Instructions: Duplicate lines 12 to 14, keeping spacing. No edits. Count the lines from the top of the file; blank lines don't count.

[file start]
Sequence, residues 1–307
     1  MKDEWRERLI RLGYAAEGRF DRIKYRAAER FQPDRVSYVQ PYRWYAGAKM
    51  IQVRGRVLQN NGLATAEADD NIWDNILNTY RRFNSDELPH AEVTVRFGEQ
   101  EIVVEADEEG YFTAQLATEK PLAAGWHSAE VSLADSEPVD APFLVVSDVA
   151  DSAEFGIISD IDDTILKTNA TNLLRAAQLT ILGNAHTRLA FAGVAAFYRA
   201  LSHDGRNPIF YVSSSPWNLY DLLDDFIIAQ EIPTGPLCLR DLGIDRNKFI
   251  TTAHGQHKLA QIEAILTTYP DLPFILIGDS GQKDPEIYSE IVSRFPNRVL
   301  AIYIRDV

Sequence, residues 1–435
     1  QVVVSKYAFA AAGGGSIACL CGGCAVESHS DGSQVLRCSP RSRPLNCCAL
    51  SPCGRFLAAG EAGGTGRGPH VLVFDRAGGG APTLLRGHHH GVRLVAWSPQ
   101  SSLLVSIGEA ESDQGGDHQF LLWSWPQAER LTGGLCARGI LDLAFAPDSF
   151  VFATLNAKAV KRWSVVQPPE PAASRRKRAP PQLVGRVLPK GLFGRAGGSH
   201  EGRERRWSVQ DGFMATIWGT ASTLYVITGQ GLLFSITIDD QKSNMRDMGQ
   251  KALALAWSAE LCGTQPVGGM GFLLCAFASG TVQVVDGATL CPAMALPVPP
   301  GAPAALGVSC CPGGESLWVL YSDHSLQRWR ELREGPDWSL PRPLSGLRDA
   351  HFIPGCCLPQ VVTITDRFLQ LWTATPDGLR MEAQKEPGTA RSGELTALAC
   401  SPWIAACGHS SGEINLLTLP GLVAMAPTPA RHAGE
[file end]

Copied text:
   101  SSLLVSIGEA ESDQGGDHQF LLWSWPQAER LTGGLCARGI LDLAFAPDSF
   151  VFATLNAKAV KRWSVVQPPE PAASRRKRAP PQLVGRVLPK GLFGRAGGSH
   201  EGRERRWSVQ DGFMATIWGT ASTLYVITGQ GLLFSITIDD QKSNMRDMGQ